Tajikistan’s water resources mainly arise owing to glacier melting and precipitation. Total freshwater reserves in Tajikistan’s glaciers and snowfields are estimated at 550 cub. km. Many of them are located in the basins of Obihingou, Gunt, and Muksu rivers as well as in other high-mountain areas. Glaciers and snowfields occupy about 6% of country’s territory. Over 1,300 lakes contain 44 of water, including 20 of freshwater and 24 of saltwater. Their total area is 705 sq. km.

Peculiarity of mountain territory and plenty of water supply sources promoted the development of rich river network, numbering 947 rivers with length more than 10 km and with total length 28,500 km, which have glacier-snow and rain feeding. Surface runoff varies from place to place and in some areas exceeds 45 l/sec/ The maximum water discharge is observed in June-August when snow and glacier melting is most intensive.

There are 9 water reservoirs containing from 0.028 to 10.5 of water. The largest reservoirs are Kairakkum on the north of Tajikistan, and Nurek in the central part of Tajikistan. They are mainly used for electric power generation, irrigation, fish breeding, water supply, and mudflow protection.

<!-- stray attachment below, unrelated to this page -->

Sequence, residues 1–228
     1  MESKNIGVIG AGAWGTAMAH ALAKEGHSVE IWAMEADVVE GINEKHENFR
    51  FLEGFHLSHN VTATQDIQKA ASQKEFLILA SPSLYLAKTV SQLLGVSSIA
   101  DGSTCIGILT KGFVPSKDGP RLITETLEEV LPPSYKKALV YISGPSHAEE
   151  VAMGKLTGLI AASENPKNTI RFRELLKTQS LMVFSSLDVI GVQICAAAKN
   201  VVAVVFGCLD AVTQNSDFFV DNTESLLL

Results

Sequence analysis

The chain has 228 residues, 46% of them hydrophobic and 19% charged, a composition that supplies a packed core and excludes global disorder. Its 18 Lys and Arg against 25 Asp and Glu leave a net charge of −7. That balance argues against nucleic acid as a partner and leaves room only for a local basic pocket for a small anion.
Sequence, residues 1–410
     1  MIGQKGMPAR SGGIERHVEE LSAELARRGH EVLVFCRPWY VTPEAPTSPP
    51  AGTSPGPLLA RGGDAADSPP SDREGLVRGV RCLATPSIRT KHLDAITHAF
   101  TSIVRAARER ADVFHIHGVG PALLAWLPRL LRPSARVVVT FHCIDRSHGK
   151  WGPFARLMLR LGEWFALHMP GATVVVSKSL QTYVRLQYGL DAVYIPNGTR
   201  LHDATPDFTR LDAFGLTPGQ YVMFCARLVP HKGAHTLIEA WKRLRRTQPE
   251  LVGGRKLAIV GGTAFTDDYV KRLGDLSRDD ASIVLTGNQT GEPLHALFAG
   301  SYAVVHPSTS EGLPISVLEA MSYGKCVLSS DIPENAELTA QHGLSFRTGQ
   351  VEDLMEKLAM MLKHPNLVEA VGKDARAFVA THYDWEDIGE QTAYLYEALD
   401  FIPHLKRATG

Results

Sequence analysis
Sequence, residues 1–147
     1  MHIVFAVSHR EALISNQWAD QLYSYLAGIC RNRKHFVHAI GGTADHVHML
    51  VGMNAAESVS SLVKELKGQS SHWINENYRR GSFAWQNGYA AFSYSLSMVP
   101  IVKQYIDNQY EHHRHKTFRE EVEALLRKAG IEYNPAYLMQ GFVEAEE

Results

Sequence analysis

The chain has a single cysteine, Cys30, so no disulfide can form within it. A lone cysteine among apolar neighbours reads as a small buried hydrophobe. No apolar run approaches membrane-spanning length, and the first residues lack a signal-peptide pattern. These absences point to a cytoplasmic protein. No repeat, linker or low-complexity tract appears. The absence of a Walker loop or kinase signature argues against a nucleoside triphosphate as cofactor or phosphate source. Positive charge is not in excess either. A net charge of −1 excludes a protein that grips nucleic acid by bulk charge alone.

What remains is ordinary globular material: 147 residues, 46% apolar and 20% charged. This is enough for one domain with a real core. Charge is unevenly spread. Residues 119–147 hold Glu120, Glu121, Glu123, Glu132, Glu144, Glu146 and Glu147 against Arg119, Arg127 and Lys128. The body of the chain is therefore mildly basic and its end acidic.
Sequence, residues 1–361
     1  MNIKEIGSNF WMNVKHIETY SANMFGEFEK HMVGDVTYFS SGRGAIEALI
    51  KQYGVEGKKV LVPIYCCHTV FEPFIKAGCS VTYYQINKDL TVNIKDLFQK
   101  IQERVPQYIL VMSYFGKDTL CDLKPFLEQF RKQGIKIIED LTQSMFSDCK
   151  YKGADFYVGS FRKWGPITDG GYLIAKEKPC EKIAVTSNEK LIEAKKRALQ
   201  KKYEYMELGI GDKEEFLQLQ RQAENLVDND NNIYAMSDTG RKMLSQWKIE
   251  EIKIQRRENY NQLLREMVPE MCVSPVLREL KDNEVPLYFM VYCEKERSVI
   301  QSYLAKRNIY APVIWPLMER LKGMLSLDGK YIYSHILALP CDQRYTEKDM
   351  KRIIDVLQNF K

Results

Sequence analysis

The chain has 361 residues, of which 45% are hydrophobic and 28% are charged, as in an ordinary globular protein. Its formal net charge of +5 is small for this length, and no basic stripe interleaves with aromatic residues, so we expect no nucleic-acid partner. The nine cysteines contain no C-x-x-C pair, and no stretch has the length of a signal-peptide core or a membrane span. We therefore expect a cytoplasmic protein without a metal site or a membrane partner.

Groundwater used in national economy is mainly located in quaternary alluvium of the large river valleys (Syrdarya, Kafirnigan, Vakhsh, Kyzylsu, Yakhsu) and intermountain depressions.

According to resent surveys, potential reserves of groundwater make 17 cub. km/year. Exploited reserves are estimated at 2-3 cub. km/year. On average, households, drinking water supply, industrial processes, and irrigation of lands consume 6,500 thousand cub. m of water per day. Fresh groundwaters are spread within earth horizons 1 to 100 meters. There is a wide range of medicinal, thermal and mineral water sources and springs in Tajikistan totaling 200 sources. Sulfate, ferrous, iodine, bromine, radon and siliceous water compositions can be found here. The springs in Taboshar, Adrasman, Yavroz, Anzob, Obigarm, Khoja-Obigarm, Karatag, Shambari, Babatag are most popular. Great diversity of springs can be found in the Pamirs: Garm-Chashma, Bahmir, Elis, etc. In the south there are brines with high salinity 400 g/l.